Presenter: Jan Rozman (Jožef Stefan Institute)
Topic: Collective cell mechanics of organoids and epithelial sheets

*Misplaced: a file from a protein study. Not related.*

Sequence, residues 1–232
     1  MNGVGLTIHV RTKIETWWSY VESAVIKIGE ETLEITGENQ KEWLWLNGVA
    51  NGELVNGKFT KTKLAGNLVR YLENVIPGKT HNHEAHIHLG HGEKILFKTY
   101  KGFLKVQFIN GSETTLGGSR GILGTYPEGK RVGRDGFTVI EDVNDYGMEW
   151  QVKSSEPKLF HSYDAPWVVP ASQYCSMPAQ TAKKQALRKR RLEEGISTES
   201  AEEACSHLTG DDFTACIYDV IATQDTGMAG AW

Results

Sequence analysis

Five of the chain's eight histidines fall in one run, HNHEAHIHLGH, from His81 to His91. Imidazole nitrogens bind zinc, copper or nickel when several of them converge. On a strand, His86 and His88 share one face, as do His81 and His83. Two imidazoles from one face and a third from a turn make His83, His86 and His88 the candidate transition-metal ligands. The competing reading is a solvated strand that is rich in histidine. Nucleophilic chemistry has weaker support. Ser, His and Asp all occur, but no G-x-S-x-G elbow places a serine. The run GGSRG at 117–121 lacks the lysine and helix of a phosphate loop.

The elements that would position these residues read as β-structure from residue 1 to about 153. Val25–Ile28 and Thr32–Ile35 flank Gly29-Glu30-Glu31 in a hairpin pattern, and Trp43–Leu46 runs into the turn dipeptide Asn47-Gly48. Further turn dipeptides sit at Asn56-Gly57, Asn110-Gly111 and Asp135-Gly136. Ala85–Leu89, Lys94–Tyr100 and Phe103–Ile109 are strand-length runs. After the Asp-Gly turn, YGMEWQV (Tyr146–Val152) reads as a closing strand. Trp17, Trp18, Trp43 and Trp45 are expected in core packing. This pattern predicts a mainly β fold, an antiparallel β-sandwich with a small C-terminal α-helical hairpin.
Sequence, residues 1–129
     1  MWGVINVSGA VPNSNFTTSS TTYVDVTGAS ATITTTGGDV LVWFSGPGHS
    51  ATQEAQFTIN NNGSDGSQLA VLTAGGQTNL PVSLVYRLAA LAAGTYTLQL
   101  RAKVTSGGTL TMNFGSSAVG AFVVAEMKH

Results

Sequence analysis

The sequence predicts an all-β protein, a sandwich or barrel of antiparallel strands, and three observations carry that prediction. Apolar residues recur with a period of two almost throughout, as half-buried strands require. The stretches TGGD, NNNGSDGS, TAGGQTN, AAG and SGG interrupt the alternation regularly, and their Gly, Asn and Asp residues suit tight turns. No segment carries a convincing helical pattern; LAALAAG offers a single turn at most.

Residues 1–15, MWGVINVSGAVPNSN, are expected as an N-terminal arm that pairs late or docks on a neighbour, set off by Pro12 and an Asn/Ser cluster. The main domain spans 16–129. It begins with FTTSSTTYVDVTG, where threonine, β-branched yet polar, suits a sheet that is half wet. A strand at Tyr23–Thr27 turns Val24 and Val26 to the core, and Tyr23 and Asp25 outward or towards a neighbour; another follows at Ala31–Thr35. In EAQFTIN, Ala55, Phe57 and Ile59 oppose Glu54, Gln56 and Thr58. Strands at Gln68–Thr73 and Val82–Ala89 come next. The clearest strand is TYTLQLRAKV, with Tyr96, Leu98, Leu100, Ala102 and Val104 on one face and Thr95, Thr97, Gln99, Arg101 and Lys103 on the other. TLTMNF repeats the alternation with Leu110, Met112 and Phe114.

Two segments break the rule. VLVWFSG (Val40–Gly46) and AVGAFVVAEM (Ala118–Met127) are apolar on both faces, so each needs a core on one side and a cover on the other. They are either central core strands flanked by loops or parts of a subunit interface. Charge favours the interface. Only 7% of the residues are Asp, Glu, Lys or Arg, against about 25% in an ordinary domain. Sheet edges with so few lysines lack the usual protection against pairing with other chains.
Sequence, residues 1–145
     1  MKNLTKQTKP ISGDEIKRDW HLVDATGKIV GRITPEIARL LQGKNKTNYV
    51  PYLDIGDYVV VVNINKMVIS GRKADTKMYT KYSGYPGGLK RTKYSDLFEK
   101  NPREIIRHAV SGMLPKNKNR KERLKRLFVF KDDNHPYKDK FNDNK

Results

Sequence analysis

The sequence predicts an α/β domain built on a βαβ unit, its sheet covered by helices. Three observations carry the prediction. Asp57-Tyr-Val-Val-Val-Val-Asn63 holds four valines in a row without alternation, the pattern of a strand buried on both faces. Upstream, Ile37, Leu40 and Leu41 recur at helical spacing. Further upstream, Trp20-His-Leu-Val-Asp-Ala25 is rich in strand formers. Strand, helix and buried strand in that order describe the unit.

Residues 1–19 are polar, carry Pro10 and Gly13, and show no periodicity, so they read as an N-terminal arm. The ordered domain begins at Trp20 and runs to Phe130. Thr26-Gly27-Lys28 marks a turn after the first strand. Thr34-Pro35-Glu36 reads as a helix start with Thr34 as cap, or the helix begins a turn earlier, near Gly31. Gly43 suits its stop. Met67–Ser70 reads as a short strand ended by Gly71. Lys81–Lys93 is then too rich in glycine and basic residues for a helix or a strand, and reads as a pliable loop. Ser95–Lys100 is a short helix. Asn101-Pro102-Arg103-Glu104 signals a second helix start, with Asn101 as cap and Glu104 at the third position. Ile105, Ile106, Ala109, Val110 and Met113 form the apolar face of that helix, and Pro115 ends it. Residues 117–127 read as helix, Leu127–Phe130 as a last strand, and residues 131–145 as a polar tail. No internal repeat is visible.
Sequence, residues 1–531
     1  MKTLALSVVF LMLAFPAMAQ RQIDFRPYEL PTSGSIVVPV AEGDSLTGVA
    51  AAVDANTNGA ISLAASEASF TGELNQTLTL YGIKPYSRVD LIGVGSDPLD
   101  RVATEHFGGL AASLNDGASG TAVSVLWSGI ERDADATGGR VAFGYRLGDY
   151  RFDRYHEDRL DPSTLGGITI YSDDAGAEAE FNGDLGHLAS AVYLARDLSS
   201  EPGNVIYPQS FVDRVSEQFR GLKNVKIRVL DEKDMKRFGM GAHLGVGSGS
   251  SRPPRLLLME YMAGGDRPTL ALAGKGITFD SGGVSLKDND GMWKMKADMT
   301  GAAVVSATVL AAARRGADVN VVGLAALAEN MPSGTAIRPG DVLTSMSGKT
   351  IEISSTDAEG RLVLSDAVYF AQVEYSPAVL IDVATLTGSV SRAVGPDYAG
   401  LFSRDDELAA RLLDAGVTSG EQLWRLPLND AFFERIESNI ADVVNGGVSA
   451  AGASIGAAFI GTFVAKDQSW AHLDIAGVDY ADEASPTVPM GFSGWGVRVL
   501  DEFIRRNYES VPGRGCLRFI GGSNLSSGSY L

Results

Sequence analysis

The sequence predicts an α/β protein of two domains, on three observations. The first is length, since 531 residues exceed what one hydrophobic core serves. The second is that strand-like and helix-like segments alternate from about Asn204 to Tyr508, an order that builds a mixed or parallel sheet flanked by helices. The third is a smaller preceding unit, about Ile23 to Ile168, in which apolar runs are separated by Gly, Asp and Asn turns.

The study of organoids, artificially grown cell aggregates with the functionality and small-scale anatomy of real organs, is one of the most active areas of research in biology and biophysics, yet the basic physical origins of their different morphologies remain poorly understood. Using a 3D surface tension-based vertex model of epithelial shells, we reproduce the characteristic shapes from branched and budded to invaginated structures. We find that the formation of branched morphologies relies strongly on junctional activity, resulting in aggregations of topological defects in cell packing. To test whether this reliance of branching on topological activity is a more universal mechanism or a consequence of the model organoids being a highly constrained systems with relatively few cells, we then compare their morphologies to those of unsupported epithelial monolayers, also subject to active junctional noise. Together, this work provides a generic interpretation of many observed epithelial tissue shapes, highlighting the role of physical factors such as differential surface tension, cell rearrangements, compression, and tissue growth.